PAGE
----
Start of the 2007 – 2009 Restoration and Conservation Project
It was a dull, damp and cold morning in March 2007 when the Main Contractor and his men assembled at the dock-side at Discovery Point to begin the Project. The mood was buoyant, it was as if the Discovery felt that at long last she would have all her ills cured, although she was yet to give up her secrets of how bad things had become. I have already referred to the difficulty of cleaning the dry-dock in order to allow work to begin in earnest, this was done and the photograph shows her lovely lines soon after that had been achieved.
The first task was to remove as much of the old paint coatings as possible without harming the original timbers. High pressure water jets were to be used but here the first obstacle was encountered. If ordinary high pressure water jets were used the shape of the jet itself could do damage to the timbers especially at pressures beyond 8,000 psi (pounds per square inch). At such pressures the concentrated water jet would tend to cut through the timbers like a knife. Not a good idea! A specialised North Sea Oil support company, in consultation with the Main Contractor, came up with a novel idea, probably a first. Why not design the jet head so that it
rotated at high speed and avoided concentrating its energy on one spot for an instant. Trials proved successful and stripping began (see photo).
As the timbers were cleaned it soon became evident that some of the findings reported in the Survey Report were wrong, especially that of the presence of Teredo Worm . Now the Teredo Worm is the scourge of wooden ships. These creatures begin as a microscopic larvae, entering the timber of a wooden ship where surface damage might have occurred. They gorge on the timber, burrowing into the plank, growing all the time. Soon they lay their own eggs in a bunch; these hatch and start burrowing in a different direction to that taken by the parent. All this takes place within the timber, out of sight of human eyes. They can grow up to a meter in length and have a girth of up to two centimetres and that makes a big hole! The underwater timbers of a wooden ship can become criss-crossed with these invisible tunnels, so much so that they lose their strength, break up to cause misery to sailors and owners alike. During the centuries up to the end of the 19th many, many wooden ships were lost at sea; initially this was put down to storms or tempests, rocks or reefs. However there were many unexplained losses even in the calmest of conditions and there can be little doubt that the Teredo Worm was the culprit for many disasters. Think about a large wooden Merchantman sailing somewhere in the middle of the Mediterranean on a clear calm night. Only the Officer of the watch and the helmsman are awake; the crew are below sleeping. Suddenly, the ship breaks her back, water foods into the hull; the bow and stern rise up to meet each other before each slide down into the deep. It would have been all over in less than a minute! No warning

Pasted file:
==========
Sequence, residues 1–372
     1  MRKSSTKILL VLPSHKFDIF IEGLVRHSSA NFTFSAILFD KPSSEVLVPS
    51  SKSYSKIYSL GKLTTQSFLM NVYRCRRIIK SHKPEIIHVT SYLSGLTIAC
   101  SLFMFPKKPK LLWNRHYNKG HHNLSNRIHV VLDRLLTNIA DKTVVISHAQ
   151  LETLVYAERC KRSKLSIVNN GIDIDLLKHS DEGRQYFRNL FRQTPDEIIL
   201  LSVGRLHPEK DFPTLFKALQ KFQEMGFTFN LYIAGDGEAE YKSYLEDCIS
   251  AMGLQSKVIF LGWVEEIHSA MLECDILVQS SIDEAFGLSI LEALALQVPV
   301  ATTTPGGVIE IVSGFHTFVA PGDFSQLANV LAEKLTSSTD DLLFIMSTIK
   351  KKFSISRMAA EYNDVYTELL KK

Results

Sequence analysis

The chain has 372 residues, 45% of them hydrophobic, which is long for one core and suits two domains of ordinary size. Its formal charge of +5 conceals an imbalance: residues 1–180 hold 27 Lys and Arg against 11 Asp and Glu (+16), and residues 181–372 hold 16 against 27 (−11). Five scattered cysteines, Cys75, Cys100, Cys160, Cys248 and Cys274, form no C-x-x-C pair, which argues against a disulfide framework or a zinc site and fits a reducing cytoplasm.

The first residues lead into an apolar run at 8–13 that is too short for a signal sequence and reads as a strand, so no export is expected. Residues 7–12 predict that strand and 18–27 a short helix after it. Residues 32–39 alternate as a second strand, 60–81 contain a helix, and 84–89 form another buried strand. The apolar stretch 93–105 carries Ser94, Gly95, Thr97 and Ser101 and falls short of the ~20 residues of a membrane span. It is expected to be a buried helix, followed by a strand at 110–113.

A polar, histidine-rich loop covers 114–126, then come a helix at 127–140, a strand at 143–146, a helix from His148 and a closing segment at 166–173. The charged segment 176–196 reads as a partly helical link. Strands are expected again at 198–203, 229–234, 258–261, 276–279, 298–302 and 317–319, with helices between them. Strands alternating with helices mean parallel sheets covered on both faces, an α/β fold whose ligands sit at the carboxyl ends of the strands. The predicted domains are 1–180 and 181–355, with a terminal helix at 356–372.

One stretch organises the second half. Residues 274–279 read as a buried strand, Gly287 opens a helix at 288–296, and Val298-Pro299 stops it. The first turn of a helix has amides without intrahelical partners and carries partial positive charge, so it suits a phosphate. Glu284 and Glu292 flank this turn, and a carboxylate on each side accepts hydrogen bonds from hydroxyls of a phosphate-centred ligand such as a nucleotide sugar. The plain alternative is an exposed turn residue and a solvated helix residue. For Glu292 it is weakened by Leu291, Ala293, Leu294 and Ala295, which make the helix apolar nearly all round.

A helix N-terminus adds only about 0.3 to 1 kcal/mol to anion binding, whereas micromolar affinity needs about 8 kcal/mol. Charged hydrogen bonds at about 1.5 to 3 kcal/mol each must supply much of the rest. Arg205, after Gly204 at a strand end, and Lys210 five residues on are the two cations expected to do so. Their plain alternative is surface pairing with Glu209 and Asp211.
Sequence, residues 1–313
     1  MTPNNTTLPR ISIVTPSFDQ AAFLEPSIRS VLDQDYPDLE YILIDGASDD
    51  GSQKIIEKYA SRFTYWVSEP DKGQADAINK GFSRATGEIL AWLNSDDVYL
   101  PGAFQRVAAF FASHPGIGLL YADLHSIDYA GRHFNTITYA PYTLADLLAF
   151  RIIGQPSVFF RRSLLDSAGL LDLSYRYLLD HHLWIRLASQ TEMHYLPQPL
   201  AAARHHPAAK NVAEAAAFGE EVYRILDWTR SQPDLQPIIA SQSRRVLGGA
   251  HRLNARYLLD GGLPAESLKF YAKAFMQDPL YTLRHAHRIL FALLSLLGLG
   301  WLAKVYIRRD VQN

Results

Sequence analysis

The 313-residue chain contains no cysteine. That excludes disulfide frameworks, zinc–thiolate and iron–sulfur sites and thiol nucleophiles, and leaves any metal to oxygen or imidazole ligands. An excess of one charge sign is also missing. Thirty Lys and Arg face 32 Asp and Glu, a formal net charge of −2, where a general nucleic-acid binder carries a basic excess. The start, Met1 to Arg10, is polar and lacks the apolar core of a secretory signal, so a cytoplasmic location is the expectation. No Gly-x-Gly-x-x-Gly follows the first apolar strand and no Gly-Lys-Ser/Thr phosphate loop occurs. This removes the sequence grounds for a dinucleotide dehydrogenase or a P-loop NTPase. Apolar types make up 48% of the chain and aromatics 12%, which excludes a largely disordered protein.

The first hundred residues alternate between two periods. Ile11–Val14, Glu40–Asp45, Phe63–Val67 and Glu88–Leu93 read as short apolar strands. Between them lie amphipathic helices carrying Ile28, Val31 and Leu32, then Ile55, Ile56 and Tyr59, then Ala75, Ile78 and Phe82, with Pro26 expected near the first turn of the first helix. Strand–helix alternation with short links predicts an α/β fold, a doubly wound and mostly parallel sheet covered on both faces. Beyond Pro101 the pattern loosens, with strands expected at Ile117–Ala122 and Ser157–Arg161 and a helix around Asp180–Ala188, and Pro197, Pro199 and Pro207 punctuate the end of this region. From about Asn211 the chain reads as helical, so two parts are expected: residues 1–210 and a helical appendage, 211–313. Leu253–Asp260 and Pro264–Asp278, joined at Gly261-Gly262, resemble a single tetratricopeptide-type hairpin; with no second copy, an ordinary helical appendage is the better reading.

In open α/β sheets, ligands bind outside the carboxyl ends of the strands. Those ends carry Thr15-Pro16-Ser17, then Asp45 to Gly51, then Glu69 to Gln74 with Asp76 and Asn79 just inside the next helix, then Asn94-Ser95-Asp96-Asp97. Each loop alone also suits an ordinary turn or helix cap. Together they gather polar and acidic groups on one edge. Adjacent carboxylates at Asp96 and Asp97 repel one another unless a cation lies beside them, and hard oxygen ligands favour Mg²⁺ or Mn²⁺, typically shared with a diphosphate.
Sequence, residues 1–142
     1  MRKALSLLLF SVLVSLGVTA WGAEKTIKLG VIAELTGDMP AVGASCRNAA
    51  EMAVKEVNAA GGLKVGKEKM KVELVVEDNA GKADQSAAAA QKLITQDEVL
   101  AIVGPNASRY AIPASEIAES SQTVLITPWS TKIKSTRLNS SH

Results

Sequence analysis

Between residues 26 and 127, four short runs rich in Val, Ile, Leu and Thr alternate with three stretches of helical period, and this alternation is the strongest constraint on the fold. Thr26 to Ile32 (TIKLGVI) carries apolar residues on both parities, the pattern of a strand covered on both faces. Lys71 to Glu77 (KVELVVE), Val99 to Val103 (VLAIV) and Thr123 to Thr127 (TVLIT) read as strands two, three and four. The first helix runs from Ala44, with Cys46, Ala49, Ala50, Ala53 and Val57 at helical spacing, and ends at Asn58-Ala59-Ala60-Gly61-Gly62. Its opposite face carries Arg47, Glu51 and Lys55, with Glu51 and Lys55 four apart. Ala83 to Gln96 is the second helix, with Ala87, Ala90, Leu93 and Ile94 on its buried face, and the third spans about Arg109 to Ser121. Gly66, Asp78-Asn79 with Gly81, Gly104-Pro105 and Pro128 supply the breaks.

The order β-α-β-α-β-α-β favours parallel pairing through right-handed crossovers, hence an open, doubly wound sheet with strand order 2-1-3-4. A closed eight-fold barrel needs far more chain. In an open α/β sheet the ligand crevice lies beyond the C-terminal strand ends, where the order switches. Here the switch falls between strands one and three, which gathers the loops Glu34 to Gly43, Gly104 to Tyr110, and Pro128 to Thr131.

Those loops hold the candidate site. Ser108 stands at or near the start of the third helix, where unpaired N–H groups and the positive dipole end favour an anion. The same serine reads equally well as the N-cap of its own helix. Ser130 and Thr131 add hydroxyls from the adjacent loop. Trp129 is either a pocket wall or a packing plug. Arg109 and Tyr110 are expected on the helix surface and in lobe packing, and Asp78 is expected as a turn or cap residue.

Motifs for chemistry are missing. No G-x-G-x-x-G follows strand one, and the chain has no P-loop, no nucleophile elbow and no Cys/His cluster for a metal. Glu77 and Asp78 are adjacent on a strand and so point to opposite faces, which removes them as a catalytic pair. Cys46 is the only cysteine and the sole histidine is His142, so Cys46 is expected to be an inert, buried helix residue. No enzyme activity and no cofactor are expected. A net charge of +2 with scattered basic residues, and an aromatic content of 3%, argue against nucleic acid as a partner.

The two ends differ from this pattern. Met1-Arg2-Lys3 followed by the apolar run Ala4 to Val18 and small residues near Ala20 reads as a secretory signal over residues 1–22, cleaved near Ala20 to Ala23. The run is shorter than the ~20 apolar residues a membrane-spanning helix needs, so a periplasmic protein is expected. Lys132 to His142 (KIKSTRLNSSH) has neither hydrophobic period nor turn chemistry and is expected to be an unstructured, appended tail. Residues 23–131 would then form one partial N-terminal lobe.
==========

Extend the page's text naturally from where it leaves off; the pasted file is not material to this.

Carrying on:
given, no chance to escape. How many seamen perished in such a fashion is difficult to say but the number would have been in the thousands rather than hundreds over the years.
So the report that Toredo Worm might be present in Discovery’s hull was worrying and immediate investigation was necessary. I selected a plank that showed some signs of worm activity and had a section cut out (see pictures).
Careful examination revealed that the worm signs were confined to a depth of less than one centimetre into the plank. It was not Terado, it was not active, it was as if a great burden had been lifted from all our minds. Such a condition could be dealt with and deal with it we would! In removing this small piece of plank other things came to light that I’ll tell you about in the next part.
© Captain John J Watson January 2012 Fethiye